100 Years of Nosferatu

“And when he had crossed the bridge, the phantoms came to meet him” – Nosferatu (1922)

It is not often we celebrate ONE HUNDRED YEARS of any film, let alone one of our beloved horror films. One rainy October night in college, one of my favorite classic movie channels delivered to me Nosferatu by F.W. Murnau. Since that night, it has grown into an important player in my film collection. In the bigger picture, it has always been a key influence for horror films. Originally released on March 4, 1922 in Germany, Nosferatu is truly an immortal horror classic.

*Note: Some character names are different from the German version.

Nosferatu essentially follows the story of Dracula by Bram Stoker. Johnathan Harker (Gustav von Wangenheim) departs from his fiancée, Nina (Great Schröder) to conduct business for a new client in Transylvania. The locals he encounters on the way warn him of the dangers ahead, but he continues on. When he meets his host at last (known as Count Orlok, played by Max Schreck), Johnathan notices that the man does not look or behave like anyone he has known. Orlok is very tall, has long fingers, pointed ears, deep, dark eyes, and sharp teeth. Even more shocking than that, Johnathan witnesses his host’s desire for blood. As Johnathan tries to complete his business and return to his beloved Nina, he finds that the Count’s part in their lives is far from over.

Like many great horror films, Nosferatu has had a wild journey to our screens. I cannot for the life of me remember what the specific source was, but I heard somewhere that Nosferatu still exists today thanks to German bootleggers. Any film from this era being preserved this long is something to be celebrated, and Nosferatu‘s continued legacy shows the importance of preserving art. Orlok’s iconic look seems to be the most impactful component of the film. His unsettling appearance horrified audiences in its time and inspired other creatives from then on. From an episode of Spongebob Squarepants to Jemaine Clement and Taika Waititi’s What We Do in the Shadows (2014), the Nosferatu’s likeness has appeared over and over again in popular culture.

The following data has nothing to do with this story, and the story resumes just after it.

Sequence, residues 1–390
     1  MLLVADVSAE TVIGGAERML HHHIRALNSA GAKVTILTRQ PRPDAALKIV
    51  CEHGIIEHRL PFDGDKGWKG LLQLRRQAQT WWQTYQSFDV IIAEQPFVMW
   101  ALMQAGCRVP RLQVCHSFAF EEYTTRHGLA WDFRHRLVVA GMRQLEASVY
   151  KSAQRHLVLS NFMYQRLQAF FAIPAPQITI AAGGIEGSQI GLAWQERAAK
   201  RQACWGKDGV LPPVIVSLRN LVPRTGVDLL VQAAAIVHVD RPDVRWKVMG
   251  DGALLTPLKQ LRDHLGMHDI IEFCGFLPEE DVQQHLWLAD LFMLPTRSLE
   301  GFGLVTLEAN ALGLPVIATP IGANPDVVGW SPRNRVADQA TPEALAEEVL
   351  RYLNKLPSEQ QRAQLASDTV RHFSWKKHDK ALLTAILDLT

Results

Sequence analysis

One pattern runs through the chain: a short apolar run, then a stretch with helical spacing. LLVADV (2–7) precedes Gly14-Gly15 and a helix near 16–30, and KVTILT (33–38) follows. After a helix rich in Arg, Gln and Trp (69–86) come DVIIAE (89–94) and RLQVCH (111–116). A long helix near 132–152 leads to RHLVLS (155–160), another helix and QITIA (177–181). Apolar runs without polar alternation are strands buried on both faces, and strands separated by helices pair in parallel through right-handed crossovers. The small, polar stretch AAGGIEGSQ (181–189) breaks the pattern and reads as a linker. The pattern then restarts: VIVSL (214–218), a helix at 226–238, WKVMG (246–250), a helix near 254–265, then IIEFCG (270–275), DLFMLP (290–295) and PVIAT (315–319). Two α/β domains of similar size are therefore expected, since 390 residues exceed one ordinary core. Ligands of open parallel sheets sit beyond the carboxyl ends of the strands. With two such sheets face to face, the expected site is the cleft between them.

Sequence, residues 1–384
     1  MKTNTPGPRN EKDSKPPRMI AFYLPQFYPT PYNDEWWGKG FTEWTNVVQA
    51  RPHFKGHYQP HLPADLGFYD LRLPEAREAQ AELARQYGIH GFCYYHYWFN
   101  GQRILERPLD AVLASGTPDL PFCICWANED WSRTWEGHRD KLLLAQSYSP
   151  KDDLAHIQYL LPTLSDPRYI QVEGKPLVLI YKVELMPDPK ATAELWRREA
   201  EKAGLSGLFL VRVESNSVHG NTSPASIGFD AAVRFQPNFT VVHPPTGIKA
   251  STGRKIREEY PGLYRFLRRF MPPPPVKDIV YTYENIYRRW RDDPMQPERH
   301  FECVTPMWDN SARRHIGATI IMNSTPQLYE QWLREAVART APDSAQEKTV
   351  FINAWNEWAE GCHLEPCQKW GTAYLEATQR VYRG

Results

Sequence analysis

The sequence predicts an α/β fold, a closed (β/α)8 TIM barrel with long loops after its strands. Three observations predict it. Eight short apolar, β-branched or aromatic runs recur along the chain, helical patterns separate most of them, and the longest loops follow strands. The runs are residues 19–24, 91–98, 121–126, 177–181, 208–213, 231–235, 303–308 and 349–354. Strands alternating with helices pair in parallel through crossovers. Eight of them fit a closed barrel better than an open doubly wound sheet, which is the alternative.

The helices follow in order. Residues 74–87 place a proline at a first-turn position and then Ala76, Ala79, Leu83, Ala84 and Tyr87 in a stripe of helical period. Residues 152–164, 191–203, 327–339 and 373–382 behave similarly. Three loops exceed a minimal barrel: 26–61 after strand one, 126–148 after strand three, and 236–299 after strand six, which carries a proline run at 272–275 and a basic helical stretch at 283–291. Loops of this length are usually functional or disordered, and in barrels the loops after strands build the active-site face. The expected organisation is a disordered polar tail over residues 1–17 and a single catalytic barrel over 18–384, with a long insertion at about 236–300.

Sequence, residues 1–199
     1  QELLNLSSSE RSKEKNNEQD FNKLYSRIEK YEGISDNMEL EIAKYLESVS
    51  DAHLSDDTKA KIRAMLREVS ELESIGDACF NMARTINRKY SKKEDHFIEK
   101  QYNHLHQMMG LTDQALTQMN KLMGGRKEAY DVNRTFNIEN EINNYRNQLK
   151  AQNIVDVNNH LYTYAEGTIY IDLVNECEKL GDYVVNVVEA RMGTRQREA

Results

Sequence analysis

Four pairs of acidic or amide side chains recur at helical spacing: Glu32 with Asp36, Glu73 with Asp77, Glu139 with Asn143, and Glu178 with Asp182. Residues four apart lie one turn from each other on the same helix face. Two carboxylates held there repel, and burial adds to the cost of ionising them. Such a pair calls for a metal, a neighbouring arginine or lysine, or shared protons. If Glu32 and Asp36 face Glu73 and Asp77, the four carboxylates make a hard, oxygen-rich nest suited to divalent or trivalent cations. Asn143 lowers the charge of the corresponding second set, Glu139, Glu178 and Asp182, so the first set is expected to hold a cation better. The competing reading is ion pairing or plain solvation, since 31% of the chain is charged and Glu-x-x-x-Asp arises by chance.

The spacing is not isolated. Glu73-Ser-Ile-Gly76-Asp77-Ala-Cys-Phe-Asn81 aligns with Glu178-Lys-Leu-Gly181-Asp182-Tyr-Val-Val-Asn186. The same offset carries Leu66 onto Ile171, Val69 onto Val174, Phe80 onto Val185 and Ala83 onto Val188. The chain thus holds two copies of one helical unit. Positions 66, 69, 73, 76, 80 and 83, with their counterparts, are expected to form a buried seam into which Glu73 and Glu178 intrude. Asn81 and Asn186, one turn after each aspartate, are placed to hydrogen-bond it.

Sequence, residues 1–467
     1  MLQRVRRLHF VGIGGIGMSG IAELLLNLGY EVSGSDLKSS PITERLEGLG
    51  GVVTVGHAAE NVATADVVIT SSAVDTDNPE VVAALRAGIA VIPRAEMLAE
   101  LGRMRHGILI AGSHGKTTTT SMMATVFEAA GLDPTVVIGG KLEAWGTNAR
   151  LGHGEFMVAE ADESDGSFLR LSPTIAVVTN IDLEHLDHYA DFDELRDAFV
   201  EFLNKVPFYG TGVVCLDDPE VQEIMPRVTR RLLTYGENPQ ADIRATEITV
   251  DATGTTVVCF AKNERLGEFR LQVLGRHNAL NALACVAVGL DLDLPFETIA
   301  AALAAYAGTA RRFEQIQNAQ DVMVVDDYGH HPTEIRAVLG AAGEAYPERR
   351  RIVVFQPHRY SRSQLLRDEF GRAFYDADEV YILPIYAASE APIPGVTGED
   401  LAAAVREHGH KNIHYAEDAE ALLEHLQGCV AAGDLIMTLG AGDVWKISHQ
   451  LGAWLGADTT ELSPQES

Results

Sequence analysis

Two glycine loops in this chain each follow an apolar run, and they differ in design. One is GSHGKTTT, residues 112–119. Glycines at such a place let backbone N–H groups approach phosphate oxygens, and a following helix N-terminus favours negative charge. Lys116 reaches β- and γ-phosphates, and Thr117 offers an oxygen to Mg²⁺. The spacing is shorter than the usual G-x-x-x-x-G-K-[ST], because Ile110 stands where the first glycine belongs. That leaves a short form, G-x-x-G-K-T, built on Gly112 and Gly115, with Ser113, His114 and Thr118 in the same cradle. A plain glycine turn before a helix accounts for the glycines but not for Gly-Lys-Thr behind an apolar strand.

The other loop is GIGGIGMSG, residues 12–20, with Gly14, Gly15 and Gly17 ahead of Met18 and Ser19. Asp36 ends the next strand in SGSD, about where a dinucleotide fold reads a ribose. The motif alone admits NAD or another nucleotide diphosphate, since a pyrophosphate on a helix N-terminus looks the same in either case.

Not many films sustain over one hundred years. With its groundbreaking terror, stunning production design, and haunting organ music throughout, Nosferatu started something that is still constantly evolving: the vampire movie. I do not doubt that I owe many of my vampire movie nights to this film. Nosferatu is a testament to so many phenomena that film allows for the world: defying change through time, influencing new stories, and transporting viewers through an immersive world that hypnotizes them far away from their own.

Until next time,

Jordan

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